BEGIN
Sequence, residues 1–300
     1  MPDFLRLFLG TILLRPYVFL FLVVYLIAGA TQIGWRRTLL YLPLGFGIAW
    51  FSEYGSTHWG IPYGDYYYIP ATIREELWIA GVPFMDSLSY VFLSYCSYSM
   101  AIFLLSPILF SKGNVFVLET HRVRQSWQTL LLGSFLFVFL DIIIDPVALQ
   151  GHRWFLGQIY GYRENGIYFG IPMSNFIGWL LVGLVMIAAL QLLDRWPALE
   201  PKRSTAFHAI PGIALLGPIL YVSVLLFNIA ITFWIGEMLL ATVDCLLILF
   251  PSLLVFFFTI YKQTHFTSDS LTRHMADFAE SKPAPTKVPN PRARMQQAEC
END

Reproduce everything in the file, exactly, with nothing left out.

Sequence, residues 1–300
     1  MPDFLRLFLG TILLRPYVFL FLVVYLIAGA TQIGWRRTLL YLPLGFGIAW
    51  FSEYGSTHWG IPYGDYYYIP ATIREELWIA GVPFMDSLSY VFLSYCSYSM
   101  AIFLLSPILF SKGNVFVLET HRVRQSWQTL LLGSFLFVFL DIIIDPVALQ
   151  GHRWFLGQIY GYRENGIYFG IPMSNFIGWL LVGLVMIAAL QLLDRWPALE
   201  PKRSTAFHAI PGIALLGPIL YVSVLLFNIA ITFWIGEMLL ATVDCLLILF
   251  PSLLVFFFTI YKQTHFTSDS LTRHMADFAE SKPAPTKVPN PRARMQQAEC